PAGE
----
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prepared by Rabbi Eliezer Chrysler
Kollel Iyun Hadaf, Jerusalem

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Berachos 61



(a) We learn from "Al Tevahel es Picha" etc., that, when one speaks to Hashem, one's words should be concise.

(b) The two 'Yudin' in "va'Yitzer" cannot refer to the two Yetzarim - the Yetzer ha'Tov and the Yetzer ha'Ra - because that would mean that animals, by whom the Torah writes only one 'Yud', have no Yetzer ha'Ra, yet we see that animals damage, bite and kick.

(c) So we learn from the two 'Yudin', the saying 'Oi Li mi'Yotzri, Oi Li mi'Yitzri'! meaning 'Woe to me from my Creator, if I follow my Yeitzer ha'Ra, and woe to me from my Yetzer ha'Ra, who will not leave me alone if I don't!

(d) "Achor va'Kedem Tzartani" means that Hashem created man last of the works of the creation, but first to be punished.

(e) By 'first to be punished', Rebbi Ami is referring to the generation of the flood, where the people perished before the animals.

(a) "Zachar u'Nekevah Bera'am" refers to Hashem's original intention (which ultimately materialized - because 'Sof Ma'aseh be'Machshavah Techilah'), whereas "Ki be'Tzelem Elokim Asa es ha'Adam" refers to the actual creation, where (according to the opinion which holds 'Zanav'), Hashem created man only.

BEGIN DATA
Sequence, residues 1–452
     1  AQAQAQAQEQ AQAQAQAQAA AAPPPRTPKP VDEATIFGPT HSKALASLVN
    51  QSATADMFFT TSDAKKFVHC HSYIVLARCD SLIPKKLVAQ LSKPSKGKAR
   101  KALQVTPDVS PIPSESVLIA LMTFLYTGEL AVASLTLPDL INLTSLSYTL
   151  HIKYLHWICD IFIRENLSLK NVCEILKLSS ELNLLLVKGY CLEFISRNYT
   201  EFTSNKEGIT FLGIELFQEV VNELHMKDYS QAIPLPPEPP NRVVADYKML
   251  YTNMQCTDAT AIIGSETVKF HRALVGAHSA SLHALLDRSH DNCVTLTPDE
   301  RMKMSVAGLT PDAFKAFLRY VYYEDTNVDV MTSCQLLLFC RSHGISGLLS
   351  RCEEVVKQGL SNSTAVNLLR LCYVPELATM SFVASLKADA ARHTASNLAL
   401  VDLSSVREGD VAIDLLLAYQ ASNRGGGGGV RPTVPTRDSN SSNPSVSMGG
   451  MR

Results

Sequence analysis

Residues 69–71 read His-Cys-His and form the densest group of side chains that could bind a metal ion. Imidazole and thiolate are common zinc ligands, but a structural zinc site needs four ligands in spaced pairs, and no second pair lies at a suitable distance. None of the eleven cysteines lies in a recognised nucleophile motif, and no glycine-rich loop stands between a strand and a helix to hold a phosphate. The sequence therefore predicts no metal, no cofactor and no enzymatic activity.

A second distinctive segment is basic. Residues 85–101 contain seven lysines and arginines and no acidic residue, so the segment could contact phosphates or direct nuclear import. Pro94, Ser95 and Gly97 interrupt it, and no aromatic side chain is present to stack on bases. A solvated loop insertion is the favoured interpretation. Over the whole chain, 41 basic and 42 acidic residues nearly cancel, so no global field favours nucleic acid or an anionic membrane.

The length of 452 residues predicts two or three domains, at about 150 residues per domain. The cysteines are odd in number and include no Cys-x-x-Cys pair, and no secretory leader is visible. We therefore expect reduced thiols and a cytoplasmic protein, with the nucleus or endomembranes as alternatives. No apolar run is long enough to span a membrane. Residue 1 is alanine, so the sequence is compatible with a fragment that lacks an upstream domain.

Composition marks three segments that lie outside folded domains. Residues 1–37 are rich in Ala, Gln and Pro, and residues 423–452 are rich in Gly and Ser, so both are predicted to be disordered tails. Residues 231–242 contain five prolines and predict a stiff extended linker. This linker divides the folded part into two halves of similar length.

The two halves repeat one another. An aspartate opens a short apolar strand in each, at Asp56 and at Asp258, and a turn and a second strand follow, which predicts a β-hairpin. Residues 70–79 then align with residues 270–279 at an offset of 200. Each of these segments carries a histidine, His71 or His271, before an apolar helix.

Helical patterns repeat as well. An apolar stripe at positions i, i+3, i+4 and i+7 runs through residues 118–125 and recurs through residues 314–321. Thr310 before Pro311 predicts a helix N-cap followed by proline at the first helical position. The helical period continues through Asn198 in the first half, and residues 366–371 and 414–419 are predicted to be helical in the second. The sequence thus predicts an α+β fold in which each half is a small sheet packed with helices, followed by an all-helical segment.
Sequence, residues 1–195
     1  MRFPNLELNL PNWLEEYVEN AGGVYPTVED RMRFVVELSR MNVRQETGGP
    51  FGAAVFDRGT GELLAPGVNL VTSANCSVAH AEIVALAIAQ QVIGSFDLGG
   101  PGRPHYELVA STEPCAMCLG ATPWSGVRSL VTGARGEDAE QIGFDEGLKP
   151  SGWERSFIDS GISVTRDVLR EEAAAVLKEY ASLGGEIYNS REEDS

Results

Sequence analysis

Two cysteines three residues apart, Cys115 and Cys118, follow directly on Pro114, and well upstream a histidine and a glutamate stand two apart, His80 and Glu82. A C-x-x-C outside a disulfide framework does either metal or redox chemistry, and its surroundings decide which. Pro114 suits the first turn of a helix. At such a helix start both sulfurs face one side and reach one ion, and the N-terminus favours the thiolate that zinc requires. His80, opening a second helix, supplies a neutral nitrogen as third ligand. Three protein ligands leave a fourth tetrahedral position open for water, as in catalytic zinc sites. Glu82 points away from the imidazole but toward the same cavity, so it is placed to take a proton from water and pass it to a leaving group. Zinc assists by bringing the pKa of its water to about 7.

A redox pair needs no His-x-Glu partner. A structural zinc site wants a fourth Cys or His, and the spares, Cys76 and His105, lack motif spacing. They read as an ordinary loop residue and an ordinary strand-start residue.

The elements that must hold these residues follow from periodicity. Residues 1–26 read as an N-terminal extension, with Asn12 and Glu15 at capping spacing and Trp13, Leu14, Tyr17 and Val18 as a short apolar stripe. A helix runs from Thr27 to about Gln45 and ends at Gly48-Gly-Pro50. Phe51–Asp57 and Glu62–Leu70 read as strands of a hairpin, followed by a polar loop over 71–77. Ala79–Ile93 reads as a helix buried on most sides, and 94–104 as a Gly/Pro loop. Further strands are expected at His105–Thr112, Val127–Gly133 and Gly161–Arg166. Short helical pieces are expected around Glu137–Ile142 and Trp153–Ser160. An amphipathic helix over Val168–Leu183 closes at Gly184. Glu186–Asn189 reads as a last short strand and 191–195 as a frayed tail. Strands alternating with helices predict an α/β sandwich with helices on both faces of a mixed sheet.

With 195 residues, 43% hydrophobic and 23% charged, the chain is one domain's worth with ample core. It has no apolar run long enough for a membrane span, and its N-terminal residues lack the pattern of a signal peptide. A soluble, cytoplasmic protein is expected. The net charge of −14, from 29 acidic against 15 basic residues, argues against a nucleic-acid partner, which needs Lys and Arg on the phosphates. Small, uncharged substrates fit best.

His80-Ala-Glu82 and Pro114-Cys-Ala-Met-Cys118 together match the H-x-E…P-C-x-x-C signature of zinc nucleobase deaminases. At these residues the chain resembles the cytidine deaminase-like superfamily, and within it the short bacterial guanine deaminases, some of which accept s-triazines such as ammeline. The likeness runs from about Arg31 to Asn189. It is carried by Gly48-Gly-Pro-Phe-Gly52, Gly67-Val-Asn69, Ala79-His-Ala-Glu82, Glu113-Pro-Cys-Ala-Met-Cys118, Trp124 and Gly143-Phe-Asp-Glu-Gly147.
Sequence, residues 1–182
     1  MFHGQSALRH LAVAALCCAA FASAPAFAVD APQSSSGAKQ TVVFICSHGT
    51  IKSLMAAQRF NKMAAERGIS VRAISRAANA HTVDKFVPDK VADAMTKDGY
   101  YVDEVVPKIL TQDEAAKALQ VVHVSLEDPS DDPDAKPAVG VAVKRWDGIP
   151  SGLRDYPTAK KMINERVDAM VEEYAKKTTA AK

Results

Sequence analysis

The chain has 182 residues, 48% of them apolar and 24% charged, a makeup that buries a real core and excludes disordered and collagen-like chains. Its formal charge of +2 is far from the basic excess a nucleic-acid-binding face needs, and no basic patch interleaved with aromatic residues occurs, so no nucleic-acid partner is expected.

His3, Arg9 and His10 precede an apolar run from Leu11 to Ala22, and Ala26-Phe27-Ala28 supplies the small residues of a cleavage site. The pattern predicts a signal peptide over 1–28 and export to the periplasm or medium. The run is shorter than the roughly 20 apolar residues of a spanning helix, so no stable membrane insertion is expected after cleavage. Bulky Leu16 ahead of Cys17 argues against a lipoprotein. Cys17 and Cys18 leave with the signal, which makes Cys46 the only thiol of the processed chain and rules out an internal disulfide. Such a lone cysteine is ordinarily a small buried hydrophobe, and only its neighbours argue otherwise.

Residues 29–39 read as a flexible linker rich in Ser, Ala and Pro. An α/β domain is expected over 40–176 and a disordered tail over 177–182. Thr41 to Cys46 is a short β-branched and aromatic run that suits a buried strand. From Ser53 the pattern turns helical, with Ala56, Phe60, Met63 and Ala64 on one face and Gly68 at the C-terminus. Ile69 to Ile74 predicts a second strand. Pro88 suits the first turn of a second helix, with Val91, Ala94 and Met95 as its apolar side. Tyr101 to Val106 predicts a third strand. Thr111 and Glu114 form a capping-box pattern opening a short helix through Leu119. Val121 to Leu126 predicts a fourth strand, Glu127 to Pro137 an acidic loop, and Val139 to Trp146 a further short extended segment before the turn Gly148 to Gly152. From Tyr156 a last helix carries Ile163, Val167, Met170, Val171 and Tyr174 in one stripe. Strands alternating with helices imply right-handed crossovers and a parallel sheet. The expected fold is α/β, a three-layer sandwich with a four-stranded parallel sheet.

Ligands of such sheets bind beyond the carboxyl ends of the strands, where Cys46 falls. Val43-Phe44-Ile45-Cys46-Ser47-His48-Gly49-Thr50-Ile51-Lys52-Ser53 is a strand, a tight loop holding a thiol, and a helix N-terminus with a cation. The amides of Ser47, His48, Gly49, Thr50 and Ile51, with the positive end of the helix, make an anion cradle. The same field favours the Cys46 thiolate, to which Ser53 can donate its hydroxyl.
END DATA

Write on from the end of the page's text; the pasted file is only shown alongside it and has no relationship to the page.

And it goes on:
(b) "va'Yisgar Basar Tachtenah" refers to the location of the cut.

(c) "va'Yevi'eha El ha'Adam", from which we see that Hashem acted as Adam's Shushbin (best-man), teaches us that it is a Mitzvah to be a Shushbin and that one should not consider it below one's dignity to be a Shushbin for someone who is of a lower status than oneself.

(a) According to those who learn 'Pirtzuf', it was the face of man that led the way, because we have learnt in a Beraisa that walking behind a woman on a bridge (even one's own wife) is prohibited, and there, the prohibition is one of Derech Eretz, not of Ervah.

(b) Someone who makes a point of walking behind women in the river, forfeits his portion in the World to Come! Why?
Because a woman is forced to raise the hem of her skirt as she walks through the water, and this enables the man to catch a glimpse of a part of her uncovered body.

(c) A man who counts money into a woman's hand, for the opportunity to gaze at her, will not escape the Din of Gehinom, even though he may possess Torah and Mitzvos like Moshe Rabeinu.

(d) Someone who walks behind his wife is termed by Chazal an 'Am ha'Aretz'.

(a) When the Pasuk writes that Mano'ach and Elkanah followed their wives, and Elisha, the woman, it means that they followed their advice, not that they actually walked behind them.

(b) We learn that a woman should walk behind the man, from Rifkah, by whom the Torah writes in Bereishis "va'Takam Rifkah ve'Na'aroseha etc., va'Telachnah Acharei ha'Ish".

(c) Chazal have said: 'Achorei Ari, ve'Lo Achorei Ishah; Achorei Ishah, ve'Lo Achorei Akum; Achorei Akum, ve'Lo Achorei Beis Hakeneses'.